HLF Application

Posted on this website 21 May 2009

1 What the project will do

This project is designed to encourage our local community to identify, look after and celebrate their heritage. This will be done by charting the development of the village, in terms of the buildings and the people living and working in them. By actively engaging residents in finding out about their local heritage, they will value this heritage more highly and be more likely to take action in future to protect it.

2 Our organisation

The Great Ayton Community Archaeology Project (GACAP) exists to research, record and disseminate information on landscape features and local history within the community. We meet every Wednesday for up to six hours, but many members contribute a great deal of time outside these regular meetings, in local heritage research, group organisation, and delivering presentations.

3 How we know that there is a demand for the project

There is high level of interest in local history within the community. For example our ten-session evening course attracted 36 participants and our summer-evening guided walks had an average attendance over 30.

This interest extends across the region. There is a continuing demand for local history presentations to societies and groups, currently averaging about three per month. We have sold over 2000 books on Roseberry Topping, a local landscape feature.

Many people have asked us about Ayton’s development, and we are confident that this topic will attract much interest.

4 How we will ensure that the work you do is of a high quality

Our existing high standards have been praised by heritage professionals and academics. Obviously these standards will apply to the proposed project, but in addition we will establish a small external audit team who will assess our work on a regular basis.

5 The effect of the project on the environment

The proposed project has no direct impact on the environment. By enhancing the value people give to heritage it will improve the protection of the environment. This is particularly important in respect of the built environment of the village, which is experiencing significant change as farms, business premises, public buildings and larger houses are facing conversion to apartments or even demolition. While some changes are inevitable, it is important to retain the overall architectural character of the village’s buildings.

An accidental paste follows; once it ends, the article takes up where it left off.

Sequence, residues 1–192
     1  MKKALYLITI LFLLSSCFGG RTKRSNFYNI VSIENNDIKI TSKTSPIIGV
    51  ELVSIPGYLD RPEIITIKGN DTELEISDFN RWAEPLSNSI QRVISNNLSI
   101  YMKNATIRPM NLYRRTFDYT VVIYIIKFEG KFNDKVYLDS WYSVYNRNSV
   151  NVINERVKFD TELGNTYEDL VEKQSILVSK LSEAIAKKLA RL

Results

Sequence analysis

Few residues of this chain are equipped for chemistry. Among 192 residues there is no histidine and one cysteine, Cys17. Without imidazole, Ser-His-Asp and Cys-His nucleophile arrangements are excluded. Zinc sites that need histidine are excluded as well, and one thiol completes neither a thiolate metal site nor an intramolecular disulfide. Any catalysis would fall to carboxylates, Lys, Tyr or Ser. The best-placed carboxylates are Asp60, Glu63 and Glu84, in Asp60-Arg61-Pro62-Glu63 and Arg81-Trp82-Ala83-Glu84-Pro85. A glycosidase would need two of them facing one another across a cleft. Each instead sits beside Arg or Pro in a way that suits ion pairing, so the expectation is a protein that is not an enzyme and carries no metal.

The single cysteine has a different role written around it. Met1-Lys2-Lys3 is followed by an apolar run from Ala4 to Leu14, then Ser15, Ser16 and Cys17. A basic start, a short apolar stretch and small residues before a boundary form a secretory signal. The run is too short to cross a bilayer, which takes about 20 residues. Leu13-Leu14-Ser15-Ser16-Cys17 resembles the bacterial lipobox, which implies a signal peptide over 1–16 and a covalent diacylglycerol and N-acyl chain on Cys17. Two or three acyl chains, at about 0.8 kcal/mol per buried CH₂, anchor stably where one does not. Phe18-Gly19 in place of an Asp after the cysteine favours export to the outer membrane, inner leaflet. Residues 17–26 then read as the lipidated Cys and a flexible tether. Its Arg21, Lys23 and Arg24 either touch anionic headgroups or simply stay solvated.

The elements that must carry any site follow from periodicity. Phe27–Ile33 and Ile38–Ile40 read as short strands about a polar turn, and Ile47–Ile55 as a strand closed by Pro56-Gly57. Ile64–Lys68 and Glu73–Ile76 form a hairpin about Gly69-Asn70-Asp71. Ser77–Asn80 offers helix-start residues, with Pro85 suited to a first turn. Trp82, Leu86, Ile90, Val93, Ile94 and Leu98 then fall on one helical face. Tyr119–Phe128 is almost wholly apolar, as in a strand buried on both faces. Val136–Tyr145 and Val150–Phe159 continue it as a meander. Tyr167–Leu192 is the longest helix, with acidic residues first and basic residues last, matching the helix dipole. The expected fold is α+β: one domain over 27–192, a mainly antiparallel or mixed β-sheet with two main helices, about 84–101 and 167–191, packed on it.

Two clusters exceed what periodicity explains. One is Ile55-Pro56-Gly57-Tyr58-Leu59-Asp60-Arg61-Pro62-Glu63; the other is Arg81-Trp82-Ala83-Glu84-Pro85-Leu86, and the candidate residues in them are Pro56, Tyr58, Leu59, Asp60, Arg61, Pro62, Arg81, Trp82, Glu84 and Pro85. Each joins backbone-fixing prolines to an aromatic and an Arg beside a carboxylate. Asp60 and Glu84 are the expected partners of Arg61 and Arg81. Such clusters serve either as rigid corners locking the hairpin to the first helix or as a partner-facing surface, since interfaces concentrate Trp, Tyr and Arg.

6 Who will lead the project and their relevant experience

The project will be led by the officers of the Great Ayton CAP with support from appropriate professional experts.

Dan O’Sullivan (chairman): Retired history teacher with 30 years experience in local history research. Author of Great Ayton, a History of the Village.
David Taylor (vice chairman): Retired geology teacher with 30 years experience in delivering lectures and courses on local history.
Ian Pearce (secretary and treasurer): Retired professional engineer, with experience of running the group on a day-to-day basis for the past five years.
All three are authorised WEA tutors and have written papers for magazines and professional journals.

7 Our experience in running projects of this kind

We have already run two comparable projects, both funded through the Local Heritage Initiative. The first was a two-year programme of research, recording and dissemination of information on landscape features within the parish. All outputs were achieved and the project was completed within timescale and budget. The second phase extended this to investigate wider aspects of these landscape features, and will be completed by March 2007.

8 Skills and experience that we will be able to draw on in planning and managing the project

Our members have a wide range of relevant skills, from previous professional qualifications or developed whilst working in the group. These include project management, budgetary control, IT, and research skills in the fields of history, geography, geology, science and engineering.

We would employ a part-time professional project leader with experience in leading community heritage projects.

We would call on additional professional assistance in specific fields, such as vernacular architecture.

9 How we will make sure that the benefits of the project are maintained after its completed

The results of the project will be in terms of publications (printed, digital, internet, Powerpoint presentations) and in terms of an enhanced appreciation of the local heritage within the community. As such, little maintenance is required after project completion. Our group is committed to maintaining the website at www.historic-cleveland.co.uk website for ten years.

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